Dmitry Peskov, the spokesman of the Russian President, told journalists that the death of the head of Donetsk People's Republic is “a provocation leading to increased tension in the region” and “does not contribute to the reconciliation of the situation” in the east of Ukraine, TASS reported.
"The death of Zakharchenko undoubtedly leads to increased tension in the region, which in itself, of course, does not contribute to the formation of conditions for at least a prospect to start implementation of the Minsk agreements," the Kremlin spokesman said.
He also said that it is necessary to find out “who is actually standing behind this provocation”. This is undoubtedly a provocation that has very negative consequences on the atmosphere of the region on the whole. It is obvious that it does not contribute to the reconciliation process,” Peskov said.
Presidential aide Yuri Ushakov, in his turn, refused to share his thoughts on how Zakharchenko’s death will affect the Minsk agreements.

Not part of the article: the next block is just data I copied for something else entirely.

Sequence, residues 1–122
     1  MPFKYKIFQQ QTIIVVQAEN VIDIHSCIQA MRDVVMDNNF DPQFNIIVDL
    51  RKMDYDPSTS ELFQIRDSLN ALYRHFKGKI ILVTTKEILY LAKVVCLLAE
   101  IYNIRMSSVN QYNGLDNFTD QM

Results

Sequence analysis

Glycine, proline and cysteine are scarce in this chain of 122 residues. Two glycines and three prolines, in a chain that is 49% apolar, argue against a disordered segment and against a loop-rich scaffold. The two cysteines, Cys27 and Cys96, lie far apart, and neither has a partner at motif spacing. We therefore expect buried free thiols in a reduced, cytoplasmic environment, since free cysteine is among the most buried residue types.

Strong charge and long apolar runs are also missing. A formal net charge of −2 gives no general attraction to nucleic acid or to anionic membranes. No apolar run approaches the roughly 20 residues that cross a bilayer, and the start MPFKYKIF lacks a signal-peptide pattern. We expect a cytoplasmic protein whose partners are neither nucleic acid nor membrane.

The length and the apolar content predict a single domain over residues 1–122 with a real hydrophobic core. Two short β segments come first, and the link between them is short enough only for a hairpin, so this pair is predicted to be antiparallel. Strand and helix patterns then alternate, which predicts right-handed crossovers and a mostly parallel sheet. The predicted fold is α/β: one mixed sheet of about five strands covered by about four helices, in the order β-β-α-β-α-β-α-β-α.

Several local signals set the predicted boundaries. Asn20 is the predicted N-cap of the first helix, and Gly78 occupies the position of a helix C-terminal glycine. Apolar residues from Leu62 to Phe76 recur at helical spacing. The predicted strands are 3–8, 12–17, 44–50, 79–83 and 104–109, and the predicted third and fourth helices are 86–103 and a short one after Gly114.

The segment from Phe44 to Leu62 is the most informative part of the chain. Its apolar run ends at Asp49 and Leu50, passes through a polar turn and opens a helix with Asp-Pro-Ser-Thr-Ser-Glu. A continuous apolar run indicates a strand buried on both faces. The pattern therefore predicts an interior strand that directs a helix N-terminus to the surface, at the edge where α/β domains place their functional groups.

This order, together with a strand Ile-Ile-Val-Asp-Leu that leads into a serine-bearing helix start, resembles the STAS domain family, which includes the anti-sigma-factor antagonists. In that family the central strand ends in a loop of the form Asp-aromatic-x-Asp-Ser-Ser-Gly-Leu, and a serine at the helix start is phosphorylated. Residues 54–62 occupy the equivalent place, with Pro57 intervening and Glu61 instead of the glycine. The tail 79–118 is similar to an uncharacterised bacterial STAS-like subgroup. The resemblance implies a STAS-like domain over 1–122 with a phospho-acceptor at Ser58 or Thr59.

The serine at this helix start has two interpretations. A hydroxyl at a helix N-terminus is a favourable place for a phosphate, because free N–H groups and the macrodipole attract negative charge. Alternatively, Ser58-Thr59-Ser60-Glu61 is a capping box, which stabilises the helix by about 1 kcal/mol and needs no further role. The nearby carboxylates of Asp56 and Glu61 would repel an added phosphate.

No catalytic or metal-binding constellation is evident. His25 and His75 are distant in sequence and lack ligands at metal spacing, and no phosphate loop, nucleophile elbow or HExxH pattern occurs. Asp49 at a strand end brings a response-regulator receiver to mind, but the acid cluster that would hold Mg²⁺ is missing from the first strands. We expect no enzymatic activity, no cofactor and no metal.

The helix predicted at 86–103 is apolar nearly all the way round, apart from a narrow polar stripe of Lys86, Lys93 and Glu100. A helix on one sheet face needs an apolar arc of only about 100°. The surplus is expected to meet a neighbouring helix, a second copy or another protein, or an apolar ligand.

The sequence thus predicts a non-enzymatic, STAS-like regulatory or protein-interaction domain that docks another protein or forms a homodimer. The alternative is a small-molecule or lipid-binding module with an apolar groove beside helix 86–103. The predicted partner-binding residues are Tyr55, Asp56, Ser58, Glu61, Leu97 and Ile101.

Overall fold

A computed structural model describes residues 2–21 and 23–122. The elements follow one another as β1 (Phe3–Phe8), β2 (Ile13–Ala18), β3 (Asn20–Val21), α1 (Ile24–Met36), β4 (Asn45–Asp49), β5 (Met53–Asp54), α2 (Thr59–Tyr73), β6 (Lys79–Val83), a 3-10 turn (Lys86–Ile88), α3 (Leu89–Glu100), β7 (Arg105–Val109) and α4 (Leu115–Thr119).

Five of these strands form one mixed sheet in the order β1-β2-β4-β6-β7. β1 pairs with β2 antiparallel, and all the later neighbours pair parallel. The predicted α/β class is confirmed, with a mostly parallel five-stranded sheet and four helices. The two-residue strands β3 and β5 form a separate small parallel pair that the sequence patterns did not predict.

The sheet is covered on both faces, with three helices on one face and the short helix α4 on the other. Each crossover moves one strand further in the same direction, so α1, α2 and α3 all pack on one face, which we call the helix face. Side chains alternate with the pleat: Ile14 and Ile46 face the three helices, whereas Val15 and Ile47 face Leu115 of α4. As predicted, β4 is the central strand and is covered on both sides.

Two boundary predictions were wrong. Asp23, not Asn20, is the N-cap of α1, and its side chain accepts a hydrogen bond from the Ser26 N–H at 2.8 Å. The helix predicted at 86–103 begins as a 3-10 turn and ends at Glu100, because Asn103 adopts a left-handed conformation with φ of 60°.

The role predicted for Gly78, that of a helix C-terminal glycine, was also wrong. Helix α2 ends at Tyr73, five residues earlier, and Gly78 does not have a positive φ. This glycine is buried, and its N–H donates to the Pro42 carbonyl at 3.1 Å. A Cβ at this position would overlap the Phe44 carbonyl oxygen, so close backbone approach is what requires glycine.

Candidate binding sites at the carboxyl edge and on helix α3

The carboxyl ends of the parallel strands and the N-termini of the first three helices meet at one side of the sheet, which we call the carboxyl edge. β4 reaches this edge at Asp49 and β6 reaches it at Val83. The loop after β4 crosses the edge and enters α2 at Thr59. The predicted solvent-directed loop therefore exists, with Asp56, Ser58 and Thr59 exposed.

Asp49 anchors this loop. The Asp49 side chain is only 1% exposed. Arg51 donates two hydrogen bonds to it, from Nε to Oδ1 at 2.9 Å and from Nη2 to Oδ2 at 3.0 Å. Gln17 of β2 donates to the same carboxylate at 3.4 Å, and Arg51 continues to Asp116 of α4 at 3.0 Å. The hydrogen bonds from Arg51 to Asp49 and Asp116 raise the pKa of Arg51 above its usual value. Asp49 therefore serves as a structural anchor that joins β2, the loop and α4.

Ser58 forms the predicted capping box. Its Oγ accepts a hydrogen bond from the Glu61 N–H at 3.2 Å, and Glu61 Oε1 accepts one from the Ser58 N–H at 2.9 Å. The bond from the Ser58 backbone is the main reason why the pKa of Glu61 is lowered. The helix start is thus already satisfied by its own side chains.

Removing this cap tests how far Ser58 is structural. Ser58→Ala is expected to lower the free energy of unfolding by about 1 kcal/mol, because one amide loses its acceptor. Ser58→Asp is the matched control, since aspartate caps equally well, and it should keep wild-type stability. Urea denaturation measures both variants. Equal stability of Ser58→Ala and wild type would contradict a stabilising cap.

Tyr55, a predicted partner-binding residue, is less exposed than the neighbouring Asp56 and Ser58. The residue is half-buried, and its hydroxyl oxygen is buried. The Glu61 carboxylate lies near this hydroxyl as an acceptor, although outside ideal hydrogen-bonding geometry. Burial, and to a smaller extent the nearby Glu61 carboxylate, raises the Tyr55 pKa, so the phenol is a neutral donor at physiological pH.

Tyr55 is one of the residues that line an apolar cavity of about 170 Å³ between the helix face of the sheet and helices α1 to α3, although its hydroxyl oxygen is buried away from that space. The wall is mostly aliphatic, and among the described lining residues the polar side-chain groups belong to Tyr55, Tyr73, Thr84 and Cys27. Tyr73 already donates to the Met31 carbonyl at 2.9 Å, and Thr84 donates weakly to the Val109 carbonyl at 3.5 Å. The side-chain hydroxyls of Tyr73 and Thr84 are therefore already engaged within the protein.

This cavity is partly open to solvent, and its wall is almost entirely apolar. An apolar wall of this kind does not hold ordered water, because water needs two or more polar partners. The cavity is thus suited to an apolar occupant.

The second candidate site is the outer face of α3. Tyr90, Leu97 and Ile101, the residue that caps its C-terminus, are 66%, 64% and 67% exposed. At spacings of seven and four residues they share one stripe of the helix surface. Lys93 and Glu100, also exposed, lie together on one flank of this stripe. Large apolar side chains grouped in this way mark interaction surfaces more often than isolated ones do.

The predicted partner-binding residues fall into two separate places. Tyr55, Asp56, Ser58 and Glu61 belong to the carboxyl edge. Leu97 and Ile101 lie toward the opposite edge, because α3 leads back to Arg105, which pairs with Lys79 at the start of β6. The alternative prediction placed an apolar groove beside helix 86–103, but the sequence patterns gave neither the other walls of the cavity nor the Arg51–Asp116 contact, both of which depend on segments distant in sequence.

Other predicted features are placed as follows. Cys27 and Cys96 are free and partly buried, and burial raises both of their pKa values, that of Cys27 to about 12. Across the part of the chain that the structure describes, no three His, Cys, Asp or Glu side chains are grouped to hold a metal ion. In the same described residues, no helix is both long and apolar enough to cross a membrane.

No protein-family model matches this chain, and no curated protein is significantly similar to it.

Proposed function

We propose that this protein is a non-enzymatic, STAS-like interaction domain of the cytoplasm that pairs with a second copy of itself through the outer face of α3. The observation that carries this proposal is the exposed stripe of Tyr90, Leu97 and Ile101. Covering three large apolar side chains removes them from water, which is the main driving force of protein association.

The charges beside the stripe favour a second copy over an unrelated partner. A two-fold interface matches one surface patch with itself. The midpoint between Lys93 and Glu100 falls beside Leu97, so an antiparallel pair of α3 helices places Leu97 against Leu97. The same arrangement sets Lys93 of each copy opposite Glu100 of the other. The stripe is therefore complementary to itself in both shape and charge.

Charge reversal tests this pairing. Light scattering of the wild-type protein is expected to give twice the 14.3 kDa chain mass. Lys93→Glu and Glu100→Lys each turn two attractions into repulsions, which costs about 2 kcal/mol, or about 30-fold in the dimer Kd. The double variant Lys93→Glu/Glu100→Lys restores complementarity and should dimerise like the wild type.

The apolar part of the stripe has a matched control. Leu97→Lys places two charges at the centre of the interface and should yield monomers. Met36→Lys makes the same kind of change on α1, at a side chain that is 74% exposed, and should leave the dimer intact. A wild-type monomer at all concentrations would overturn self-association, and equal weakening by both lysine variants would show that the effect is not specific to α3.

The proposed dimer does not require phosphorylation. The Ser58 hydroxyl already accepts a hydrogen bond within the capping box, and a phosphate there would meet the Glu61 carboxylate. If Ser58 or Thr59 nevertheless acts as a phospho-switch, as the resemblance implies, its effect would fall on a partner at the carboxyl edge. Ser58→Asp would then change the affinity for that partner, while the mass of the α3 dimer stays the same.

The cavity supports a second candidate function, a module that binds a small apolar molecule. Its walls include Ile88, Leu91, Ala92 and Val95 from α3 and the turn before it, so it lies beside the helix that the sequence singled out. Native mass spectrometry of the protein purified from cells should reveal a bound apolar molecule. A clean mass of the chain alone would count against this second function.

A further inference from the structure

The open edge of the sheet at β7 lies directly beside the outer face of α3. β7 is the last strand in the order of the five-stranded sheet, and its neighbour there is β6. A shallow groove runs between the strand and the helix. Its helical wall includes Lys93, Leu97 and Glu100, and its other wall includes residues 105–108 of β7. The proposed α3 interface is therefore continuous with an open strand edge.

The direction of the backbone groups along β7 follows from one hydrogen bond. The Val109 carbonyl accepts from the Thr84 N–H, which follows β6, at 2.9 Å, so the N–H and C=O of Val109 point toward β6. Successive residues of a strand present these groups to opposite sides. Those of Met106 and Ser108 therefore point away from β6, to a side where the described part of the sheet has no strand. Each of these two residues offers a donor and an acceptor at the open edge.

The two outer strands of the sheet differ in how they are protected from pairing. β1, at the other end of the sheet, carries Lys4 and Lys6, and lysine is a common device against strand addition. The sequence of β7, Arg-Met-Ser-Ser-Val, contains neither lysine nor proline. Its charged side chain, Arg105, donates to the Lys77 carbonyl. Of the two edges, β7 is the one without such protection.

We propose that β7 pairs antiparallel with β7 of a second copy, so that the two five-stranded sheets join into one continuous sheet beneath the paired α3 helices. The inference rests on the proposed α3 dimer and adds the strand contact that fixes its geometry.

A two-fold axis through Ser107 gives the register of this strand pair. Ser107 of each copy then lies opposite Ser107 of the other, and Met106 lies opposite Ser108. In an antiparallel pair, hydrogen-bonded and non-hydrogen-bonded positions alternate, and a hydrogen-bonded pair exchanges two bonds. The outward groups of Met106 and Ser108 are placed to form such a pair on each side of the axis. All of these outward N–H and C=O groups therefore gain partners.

Alexander Zakharchenko, the leader of the so-called Donetsk People’s Republic was killed in the evening of Friday, on August 31. Zakharchenko was mortally wounded in the Separ restaurant in Pushkin Boulevard in Donetsk. The leader of militants died in the hospital due to fatal injuries.
The militants of Donetsk People’s Republic soon reported the capture of a group of "Ukrainian saboteurs" allegedly involved in the organization of the explosion.
The Security Service of Ukraine (SBU) confirmed Zakharchenko’s death, denied information about the capture of Ukrainian saboteurs, as well as voiced the version of the motives for the murder of the leader of Donetsk People’s Republic. The Security Service of Ukraine believes that Zakharchenko was killed either as a result of criminal fights, or was assassinated by Russian special services.
The Russian Ministry of Foreign Affairs expectedly accused Kyiv of eliminating Zakharchenko. The Investigative Committee of the Russian Federation opened a criminal case under the article "an act of international terrorism."